Inquest to investigate pensioners death following routine op at Good Hope Hospital

Routine operation death


An inquest is due to open today (9 am Tuesday 25th April) into the death of 71-year-old Tamworth pensioner, Lily Martin, who died from severe post-operative bleeding following a routine operation to remove her gall bladder.

Removal of gall bladder surgery complications

Birmingham Coroner, Aiden Cotter, is due to hear that mother of five, Mrs Martin, formerly of Manston View, Tamworth, was admitted to Good Hope Hospital with a history of gallstones and associated jaundice. She underwent surgery on the afternoon of 25th October 2005 for the removal of her gall bladder (cholecystectomy.)

During surgery it is believed that an area in the region of her gall bladder was inadvertently lacerated in two places but went undetected for 11 hours. The alarm was only raised when at 05.50 the following morning, nurses found that Mrs Martin had suffered a cardiac arrest.

She was resuscitated by a crash team and rushed back to theatre where the bleeding points were found by an emergency team of surgeons. Unfortunately, Mrs Martins condition continued to deteriorate and she died later that night in intensive care.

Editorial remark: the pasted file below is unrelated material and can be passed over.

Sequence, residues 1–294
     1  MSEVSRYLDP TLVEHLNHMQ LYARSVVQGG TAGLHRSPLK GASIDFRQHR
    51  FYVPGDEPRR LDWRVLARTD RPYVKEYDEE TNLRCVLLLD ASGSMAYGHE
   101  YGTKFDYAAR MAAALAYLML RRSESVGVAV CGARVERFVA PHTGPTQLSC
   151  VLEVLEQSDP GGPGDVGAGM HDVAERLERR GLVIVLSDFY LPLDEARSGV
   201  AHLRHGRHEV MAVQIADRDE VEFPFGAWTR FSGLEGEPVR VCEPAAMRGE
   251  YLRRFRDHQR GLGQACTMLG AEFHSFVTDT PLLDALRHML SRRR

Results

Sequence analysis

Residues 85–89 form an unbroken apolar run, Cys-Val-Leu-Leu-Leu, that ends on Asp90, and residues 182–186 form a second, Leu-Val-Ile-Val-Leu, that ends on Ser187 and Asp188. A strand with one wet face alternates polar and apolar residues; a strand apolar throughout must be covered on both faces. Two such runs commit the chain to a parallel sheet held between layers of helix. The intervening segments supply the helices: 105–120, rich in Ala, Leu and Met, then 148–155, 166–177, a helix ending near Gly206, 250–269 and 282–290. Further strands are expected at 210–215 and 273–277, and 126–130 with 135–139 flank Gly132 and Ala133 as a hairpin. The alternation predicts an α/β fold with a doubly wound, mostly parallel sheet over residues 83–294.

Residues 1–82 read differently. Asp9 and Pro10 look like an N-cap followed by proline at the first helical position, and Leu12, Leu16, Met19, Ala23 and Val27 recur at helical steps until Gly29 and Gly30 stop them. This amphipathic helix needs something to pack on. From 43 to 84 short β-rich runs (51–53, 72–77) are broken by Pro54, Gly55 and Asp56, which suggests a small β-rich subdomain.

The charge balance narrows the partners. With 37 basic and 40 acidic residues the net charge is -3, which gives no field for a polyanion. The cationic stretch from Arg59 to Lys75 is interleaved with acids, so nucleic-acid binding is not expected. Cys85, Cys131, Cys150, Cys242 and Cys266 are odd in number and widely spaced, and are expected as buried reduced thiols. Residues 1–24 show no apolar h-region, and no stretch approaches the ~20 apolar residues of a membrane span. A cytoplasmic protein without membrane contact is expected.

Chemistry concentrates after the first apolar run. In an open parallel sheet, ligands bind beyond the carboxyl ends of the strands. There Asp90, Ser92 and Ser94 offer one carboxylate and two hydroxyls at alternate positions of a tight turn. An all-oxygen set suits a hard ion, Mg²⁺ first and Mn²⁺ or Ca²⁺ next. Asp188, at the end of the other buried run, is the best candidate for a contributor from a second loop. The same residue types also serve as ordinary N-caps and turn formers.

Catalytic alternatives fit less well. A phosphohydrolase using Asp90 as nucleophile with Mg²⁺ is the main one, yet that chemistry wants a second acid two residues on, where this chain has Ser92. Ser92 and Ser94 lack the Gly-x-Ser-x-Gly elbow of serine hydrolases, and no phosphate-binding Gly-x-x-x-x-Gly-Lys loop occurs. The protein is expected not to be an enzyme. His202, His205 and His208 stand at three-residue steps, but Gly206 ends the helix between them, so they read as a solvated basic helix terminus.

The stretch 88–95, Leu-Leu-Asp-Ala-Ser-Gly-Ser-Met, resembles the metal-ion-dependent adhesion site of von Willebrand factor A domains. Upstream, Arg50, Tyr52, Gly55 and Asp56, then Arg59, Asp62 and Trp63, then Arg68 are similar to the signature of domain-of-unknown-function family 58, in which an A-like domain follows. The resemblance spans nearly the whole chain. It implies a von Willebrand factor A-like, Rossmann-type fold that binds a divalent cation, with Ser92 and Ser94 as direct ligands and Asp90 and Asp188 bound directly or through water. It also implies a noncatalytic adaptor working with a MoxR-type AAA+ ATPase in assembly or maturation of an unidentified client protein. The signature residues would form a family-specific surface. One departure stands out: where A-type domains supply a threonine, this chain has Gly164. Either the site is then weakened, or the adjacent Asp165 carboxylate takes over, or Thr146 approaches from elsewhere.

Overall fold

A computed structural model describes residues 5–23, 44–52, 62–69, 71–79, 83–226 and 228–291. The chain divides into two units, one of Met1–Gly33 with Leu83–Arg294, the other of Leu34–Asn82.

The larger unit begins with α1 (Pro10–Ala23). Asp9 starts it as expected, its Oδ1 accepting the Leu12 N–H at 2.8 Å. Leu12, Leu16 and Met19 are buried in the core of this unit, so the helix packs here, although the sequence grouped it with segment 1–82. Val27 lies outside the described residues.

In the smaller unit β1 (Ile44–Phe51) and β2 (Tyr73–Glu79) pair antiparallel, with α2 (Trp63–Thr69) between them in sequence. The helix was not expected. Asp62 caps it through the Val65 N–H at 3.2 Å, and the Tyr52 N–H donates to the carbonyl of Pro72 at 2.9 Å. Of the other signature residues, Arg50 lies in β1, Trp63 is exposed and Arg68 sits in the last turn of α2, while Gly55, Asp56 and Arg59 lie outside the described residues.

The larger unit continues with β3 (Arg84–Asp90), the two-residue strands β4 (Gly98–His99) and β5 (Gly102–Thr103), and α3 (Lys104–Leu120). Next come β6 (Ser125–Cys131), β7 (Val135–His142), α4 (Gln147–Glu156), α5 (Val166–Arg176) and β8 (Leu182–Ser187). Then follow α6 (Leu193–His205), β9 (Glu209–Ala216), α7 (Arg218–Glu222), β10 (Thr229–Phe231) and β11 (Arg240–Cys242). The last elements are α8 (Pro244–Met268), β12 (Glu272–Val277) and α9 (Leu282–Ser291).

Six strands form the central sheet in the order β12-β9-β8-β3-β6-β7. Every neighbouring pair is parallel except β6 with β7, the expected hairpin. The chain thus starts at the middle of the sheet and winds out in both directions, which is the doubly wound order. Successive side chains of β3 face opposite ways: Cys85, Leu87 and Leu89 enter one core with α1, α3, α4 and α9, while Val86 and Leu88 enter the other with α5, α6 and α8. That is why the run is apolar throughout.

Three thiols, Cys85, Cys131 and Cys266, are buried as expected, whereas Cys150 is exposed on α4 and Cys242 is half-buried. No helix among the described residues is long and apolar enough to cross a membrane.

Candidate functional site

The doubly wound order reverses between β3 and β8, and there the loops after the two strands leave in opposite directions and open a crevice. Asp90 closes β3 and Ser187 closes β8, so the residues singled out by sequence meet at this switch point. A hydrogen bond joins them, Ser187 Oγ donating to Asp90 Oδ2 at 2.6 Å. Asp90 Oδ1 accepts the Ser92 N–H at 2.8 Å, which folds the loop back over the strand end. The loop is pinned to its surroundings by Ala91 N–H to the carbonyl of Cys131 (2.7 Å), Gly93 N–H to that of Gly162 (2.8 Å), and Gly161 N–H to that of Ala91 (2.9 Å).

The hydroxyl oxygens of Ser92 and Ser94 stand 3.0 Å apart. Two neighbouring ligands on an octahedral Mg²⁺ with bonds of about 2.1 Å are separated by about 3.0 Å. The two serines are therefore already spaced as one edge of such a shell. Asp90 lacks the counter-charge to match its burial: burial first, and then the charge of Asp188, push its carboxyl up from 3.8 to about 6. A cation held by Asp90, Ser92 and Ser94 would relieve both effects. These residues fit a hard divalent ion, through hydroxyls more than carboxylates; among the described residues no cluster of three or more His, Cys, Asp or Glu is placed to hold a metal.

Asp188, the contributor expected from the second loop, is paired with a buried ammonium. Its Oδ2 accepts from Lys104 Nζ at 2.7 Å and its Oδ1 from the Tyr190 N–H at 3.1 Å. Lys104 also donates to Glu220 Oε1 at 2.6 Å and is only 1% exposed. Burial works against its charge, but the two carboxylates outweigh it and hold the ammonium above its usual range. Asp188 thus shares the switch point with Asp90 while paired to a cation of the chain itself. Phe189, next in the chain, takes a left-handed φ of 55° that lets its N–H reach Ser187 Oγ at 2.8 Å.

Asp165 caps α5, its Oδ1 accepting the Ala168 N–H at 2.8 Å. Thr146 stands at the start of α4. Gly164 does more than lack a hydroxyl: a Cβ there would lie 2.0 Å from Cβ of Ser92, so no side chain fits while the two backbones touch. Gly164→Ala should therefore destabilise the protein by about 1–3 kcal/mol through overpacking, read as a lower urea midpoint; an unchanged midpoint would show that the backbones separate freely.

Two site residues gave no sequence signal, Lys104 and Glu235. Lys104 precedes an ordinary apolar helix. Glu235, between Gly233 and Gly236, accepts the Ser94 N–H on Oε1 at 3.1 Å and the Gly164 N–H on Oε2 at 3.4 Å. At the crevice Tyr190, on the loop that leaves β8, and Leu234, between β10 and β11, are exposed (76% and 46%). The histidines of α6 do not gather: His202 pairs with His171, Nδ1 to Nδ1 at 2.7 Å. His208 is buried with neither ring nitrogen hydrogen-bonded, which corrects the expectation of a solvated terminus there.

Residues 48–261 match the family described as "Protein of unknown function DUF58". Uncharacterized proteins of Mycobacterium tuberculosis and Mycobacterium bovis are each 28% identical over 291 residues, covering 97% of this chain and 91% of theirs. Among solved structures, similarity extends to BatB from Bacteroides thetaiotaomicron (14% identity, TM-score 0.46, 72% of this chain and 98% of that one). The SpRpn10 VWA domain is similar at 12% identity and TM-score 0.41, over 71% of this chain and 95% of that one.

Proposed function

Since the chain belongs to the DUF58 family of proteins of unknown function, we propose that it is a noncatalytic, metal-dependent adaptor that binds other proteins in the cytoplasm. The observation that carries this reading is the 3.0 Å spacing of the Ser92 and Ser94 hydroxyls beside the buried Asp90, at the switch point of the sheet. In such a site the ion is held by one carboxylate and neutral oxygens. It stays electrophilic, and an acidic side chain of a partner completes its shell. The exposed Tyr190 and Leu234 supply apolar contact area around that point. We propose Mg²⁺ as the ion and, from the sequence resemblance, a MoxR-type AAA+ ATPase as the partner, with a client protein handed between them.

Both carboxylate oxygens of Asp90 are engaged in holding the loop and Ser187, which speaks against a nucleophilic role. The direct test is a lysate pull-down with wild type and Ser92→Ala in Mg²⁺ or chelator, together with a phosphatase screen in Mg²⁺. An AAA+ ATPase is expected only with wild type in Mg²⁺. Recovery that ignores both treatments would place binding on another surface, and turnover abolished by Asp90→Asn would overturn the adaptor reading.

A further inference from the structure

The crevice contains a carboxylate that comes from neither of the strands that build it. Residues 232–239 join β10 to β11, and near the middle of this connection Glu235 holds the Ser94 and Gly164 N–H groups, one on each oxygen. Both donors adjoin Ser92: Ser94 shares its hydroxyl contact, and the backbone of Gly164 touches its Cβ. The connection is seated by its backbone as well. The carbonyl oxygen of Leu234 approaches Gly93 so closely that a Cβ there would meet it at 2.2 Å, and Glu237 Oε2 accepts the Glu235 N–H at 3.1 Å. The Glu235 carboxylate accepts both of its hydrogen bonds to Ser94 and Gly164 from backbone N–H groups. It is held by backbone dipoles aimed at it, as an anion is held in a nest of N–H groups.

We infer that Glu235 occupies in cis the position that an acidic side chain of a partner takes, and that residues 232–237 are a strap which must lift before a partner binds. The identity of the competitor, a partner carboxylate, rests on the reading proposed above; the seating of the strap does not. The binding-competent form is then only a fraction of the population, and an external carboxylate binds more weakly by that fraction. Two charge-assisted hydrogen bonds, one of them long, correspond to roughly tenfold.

Surgery complications solicitor

Victoria Blankstone, a solicitor with the Birmingham office of national law firm, Irwin Mitchell, said: Lily Martins family are understandably very distressed by the circumstances of her death as they believed that she was undergoing a routine operation and had every reason to expect she would make a normal recovery and return home within a few days.

Inquest into surgery complications

We very much hope the inquest will be able to uncover exactly what happened to Mrs Martin. It would appear from the hospital records that there were problems with the post-operative observations that night and Mrs Martin may have been bleeding internally for too long before action was taken.

It is possible, therefore, that opportunities to take her back to theatre earlier, to provide life-saving treatment, may have been missed.

Mrs Martins daughter, Janet Chattaway, said: My family are absolutely devastated by her death. My mother was an extremely fit and active woman and she was the main carer for her husband, Tony, who is disabled.

This is a double tragedy for our family because as a result of my mothers death, my father has now had to go into a nursing home. We very much hope that the inquest will provide us with some much needed answers as to why a routine operation apparently went so terribly wrong.